Appleby sues BBC and Guardian over Paradise Papers

Appleby is taking legal action against two U.K.-based media organizations, the BBC and The Guardian, over their reporting of offshore transactions by the law firm’s clients based on what Appleby calls confidential information taken in a “criminal act.”

Appleby is suing for breach of confidence and seeks a permanent injunction against further use of the information, as well as the disclosure and return of the documents.

Both the BBC and The Guardian said they would vigorously defend the revelations as being in the “highest public interest.”

The BBC claimed the leak of financial documents, branded the “Paradise Papers,” had revealed “how the powerful and ultra-wealthy secretly invest cash in offshore tax havens.”

A spokesperson for the BBC said the organization’s “serious and responsible journalism is resulting in revelations which are clearly of the highest public interest,” and has revealed matters which would otherwise have remained secret. As a result, authorities were taking action.

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The Guardian said the legal action was an attempt to “undermine responsible public-interest journalism.”

Media organizations are typically allowed to disclose confidential documents, provided their content is deemed to be in the public interest. Data protection legislation in most countries, including the incoming Data Protection Law in Cayman, contains such exemptions for the media.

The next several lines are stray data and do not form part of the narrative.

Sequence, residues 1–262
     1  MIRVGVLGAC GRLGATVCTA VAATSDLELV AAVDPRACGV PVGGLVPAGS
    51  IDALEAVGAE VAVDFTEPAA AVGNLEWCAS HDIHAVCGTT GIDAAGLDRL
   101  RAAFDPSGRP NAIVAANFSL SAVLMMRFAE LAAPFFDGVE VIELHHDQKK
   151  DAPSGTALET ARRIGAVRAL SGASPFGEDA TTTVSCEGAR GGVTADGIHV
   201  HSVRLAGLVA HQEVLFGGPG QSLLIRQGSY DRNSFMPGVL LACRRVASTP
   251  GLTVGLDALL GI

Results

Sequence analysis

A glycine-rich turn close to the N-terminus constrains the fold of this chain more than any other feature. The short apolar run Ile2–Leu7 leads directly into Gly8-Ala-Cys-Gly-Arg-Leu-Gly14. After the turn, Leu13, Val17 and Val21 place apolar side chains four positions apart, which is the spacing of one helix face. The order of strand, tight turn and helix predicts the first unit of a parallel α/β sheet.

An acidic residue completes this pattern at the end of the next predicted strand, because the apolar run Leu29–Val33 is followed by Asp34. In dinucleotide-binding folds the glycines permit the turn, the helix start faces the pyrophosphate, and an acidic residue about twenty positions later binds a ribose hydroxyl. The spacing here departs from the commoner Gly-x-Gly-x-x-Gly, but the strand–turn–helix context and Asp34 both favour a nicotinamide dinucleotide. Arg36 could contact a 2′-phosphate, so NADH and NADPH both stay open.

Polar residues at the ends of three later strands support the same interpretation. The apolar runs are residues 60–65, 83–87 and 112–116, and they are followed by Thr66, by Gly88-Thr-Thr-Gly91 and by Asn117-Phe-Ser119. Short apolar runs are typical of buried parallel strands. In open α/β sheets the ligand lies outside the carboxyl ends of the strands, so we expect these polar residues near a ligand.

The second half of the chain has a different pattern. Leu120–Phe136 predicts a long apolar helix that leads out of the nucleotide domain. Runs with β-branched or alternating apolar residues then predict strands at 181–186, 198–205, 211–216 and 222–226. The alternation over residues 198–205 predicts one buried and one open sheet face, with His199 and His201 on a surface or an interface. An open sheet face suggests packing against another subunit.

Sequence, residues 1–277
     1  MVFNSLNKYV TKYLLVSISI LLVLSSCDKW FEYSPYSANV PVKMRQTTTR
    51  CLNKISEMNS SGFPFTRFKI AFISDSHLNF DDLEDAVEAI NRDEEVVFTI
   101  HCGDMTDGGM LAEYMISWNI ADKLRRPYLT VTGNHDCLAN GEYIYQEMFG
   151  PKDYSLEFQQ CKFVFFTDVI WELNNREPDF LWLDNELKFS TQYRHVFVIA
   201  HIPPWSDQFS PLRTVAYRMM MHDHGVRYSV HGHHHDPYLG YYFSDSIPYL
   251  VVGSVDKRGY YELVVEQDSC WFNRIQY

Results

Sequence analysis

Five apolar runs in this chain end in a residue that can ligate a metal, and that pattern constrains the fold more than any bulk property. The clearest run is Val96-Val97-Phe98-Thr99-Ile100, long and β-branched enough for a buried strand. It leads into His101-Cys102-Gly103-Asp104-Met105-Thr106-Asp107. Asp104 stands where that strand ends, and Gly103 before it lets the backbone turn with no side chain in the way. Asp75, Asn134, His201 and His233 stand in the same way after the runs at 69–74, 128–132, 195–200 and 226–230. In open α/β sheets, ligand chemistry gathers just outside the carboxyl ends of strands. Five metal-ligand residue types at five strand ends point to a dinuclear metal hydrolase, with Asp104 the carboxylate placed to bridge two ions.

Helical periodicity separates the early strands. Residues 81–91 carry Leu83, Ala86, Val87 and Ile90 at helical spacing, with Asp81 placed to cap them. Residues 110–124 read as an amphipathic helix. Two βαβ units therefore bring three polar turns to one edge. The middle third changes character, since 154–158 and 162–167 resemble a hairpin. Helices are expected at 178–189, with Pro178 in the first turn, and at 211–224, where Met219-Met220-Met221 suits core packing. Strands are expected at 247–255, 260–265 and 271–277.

Appleby, in turn, argues that the documents were stolen in a data breach and that there was no public interest in the stories published about it and its clients, according to reports in the BBC and The Guardian citing legal documents Appleby sent to the organizations. About half of the 13.4 million leaked “Paradise Papers” documents belonged to the offshore law firm.

The documents were first obtained by the German newspaper, Süddeutsche Zeitung, which shared them with the U.S.-based International Consortium of Investigative Journalists (ICIJ). The ICIJ then coordinated the Paradise Papers project with 380 journalists from 96 media organizations in 67 countries.

The consortium also included the New York Times, Le Monde, the ABC in Australia and CBC News in Canada. However, Appleby has only taken legal action in the U.K.